Donald Trump Inauguration Bankrolled By Corporate Giants

And other six-figure contributors include: General Motors ($498,650), Impala Asset Management ($325,000), Coca-Cola ($300,638), Murray Energy Corporation ($300,000), real estate investment firm The Witkoff Group ($300,000), Pilot Travel Centers LLC ($300,000), Google (285,000), Ford Motor Company ($250,000), Liberty Media Corporation ($250,000), Charter Communications ($250,000), Nextera Energy ($250,000), Pepsi ($250,000), Comcast Corp. ($250,000), United Parcel Service ($250,000), IBC Bank ($250,000) healthcare company Centene ($250,000), engineering outfit Fluor Corporation ($250,000) Florida retirement mecca The Villages ($250,000), beer giant Anheuser Busch ($250,000), the San Manuel Band of Mission Indians ($250,000), power and coal plant developer White Stallion Energy LLC ($175,000), Wal-Mart ($150,000), Consol Energy Inc. ($150,000) and dental company Managed Care of North America ($135,000).

Health insurers Anthem, MetLife and The Travelers Indemnity Company each contributed $100,000. Also giving $100,000: Verizon, Qualcomm, energy giant Southern Co., oil company Valero, Anadarko Petroleum, the United States Sugar Corporation, defense contractor Northrop Grumman, food company Chiquita Brands and — play ball! — the Office of the Commissioner of Baseball, the FEC disclosure indicates. Visa and accounting firm Ernst & Young each chipped in $50,000.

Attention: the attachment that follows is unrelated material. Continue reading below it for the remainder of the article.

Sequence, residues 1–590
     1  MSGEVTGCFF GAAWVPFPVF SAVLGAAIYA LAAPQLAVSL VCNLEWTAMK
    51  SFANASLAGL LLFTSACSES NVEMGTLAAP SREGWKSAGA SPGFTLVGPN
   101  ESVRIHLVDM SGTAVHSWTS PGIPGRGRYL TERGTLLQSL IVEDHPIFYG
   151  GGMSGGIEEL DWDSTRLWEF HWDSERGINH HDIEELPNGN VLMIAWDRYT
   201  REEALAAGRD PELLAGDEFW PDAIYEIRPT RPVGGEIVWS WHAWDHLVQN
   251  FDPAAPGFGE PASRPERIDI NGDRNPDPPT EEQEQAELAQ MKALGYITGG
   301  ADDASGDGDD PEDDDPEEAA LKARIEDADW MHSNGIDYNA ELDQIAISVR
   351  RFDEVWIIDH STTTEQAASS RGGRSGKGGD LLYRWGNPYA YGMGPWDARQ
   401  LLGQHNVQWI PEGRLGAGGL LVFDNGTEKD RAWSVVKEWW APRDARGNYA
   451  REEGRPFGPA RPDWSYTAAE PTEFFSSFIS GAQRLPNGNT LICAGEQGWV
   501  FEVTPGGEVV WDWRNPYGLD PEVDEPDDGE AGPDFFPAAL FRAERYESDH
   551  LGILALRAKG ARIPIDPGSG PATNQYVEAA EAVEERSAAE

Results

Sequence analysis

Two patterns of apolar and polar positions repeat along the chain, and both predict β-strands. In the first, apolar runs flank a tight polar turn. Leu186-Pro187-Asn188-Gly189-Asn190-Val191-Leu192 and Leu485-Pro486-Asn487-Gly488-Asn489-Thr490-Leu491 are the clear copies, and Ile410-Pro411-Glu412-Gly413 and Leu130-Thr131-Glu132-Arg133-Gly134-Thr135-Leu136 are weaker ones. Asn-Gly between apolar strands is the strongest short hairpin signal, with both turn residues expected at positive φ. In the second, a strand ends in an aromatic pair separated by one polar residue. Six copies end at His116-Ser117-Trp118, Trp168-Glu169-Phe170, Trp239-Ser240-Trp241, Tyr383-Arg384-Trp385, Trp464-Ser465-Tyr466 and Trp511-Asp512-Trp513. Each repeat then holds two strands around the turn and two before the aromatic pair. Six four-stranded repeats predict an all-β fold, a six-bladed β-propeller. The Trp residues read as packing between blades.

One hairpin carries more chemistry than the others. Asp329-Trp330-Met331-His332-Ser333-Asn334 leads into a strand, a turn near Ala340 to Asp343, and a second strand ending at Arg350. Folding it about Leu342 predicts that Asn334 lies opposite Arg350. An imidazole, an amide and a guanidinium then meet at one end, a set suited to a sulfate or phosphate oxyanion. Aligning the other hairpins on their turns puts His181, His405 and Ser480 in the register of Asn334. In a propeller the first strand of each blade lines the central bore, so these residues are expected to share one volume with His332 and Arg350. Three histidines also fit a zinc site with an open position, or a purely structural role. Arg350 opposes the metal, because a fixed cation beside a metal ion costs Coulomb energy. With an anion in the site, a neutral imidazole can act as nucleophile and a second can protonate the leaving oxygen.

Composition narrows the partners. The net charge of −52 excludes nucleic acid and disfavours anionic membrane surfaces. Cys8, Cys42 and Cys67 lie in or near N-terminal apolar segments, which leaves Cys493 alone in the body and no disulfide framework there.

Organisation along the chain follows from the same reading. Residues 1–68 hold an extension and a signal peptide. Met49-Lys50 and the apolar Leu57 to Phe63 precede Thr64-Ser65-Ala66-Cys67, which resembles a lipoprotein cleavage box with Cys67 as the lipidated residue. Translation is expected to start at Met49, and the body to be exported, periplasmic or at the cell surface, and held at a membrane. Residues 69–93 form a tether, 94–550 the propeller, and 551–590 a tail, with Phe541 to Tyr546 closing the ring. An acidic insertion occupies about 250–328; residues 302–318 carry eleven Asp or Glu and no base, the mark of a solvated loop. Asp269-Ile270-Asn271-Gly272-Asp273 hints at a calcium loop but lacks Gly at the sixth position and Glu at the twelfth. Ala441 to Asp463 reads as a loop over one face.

“The amount of funds raised for the inaugural celebration allowed the President to give the American people, those both at home and visiting Washington, a chance to experience the incredible moment in our democracy where we witness the peaceful transition of power, a cornerstone of American democracy,” inauguration committee Chairman Tom Barrack said in a statement.

Other less-than-household names nevertheless also offered up significant cash.